This morning I received an e-mail claiming to be from Apple. The e-mail said that my Apple ID has been suspended. This is obviously a scam, but I wanted to check it more thoroughly.

Screenshot of the e-mail below:

apple-id-phish-email-10-2015

First I wanted to see if my Apple ID had really been suspended. I started the iTunes app and logged into my account successfully. This kind of simple test can save you from a lot of trouble.

This e-mail has three alarming signs:

  • Sender: no-reply@appleid.ssl.com. Apple doesn’t use ssl.com e-mail addresses. Note that many e-mail clients do not show the sender’s e-mail address by default
  • Spelling: the word “therefor” is valid, but not commonly used. Therefore I consider it as a spelling mistake
  • It was sent to an e-mail address that is not linked to my Apple ID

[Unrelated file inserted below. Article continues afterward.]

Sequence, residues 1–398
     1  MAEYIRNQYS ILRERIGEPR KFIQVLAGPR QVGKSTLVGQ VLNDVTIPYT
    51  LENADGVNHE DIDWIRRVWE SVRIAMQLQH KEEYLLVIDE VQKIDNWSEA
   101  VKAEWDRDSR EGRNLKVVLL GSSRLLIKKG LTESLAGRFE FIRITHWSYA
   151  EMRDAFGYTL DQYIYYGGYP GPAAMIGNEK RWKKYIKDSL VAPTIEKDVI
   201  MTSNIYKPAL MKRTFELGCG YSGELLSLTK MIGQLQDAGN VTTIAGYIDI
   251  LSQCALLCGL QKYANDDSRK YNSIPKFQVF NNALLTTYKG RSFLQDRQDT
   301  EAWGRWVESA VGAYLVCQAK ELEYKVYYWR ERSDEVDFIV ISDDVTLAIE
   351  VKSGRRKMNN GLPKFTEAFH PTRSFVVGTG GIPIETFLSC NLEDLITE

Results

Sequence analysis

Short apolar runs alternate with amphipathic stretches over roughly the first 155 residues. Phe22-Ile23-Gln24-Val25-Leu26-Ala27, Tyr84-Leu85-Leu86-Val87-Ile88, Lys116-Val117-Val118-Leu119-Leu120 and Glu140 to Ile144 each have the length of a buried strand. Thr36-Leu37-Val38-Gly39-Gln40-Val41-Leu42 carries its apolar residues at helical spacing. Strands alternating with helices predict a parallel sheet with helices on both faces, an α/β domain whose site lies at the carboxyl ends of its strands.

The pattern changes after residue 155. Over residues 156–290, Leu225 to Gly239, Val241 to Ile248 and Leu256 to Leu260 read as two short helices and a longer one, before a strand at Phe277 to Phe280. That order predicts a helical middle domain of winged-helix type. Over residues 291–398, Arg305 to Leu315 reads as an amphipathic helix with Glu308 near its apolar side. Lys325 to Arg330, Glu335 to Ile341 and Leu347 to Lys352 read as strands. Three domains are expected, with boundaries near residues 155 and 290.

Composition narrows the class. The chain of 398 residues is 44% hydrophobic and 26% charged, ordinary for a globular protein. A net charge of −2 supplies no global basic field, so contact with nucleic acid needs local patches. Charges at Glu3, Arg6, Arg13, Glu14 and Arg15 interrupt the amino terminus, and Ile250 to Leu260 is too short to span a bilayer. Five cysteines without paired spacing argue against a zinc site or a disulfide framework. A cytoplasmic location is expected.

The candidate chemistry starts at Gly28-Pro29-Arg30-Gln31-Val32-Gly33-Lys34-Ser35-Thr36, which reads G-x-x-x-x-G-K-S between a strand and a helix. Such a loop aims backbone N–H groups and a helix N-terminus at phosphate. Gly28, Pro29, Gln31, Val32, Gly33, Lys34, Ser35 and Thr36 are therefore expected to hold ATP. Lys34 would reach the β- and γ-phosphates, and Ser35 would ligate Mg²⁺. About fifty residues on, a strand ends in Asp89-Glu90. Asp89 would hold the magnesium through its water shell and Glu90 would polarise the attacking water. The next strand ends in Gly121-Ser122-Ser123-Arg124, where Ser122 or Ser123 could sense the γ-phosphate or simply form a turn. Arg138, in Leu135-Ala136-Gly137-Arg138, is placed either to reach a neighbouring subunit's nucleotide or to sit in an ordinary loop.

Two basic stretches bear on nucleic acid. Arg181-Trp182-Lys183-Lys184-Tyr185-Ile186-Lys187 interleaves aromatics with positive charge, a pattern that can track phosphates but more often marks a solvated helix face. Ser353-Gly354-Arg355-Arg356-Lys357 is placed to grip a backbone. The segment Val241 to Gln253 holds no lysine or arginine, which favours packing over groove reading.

The source code of the e-mail reveals the sender’s IP address and related domain name fj.djd.com. It also reveals where the “check here to validate your account information” link points to: http://eu-ssl.com. Virustotal detection ratio for this URL is 7/65. The link leads to a phishing site:

apple-id-phishing-10-2015You should carefully check the address bar, because it might reveal the true nature of the website:

  • No secure connection (https) is used. Most phishing sites do not support secure connections
  • The long domain name: support.apple.com.en-gb.confirm.id.auth.cgi-key.myapple-unlock.user-eu6.ssl-eu.net.
    It is very common to add the name of the target site (support.apple.com) and some technical jargon like “auth.cgi-key” to the URL. The attacker’s domain is ssl-eu.net. The rest is put there just to fool users

Virustotal detection ratio for the phishing URL is 4/65.

Further reading: Identifying fraudulent “phishing” email by Apple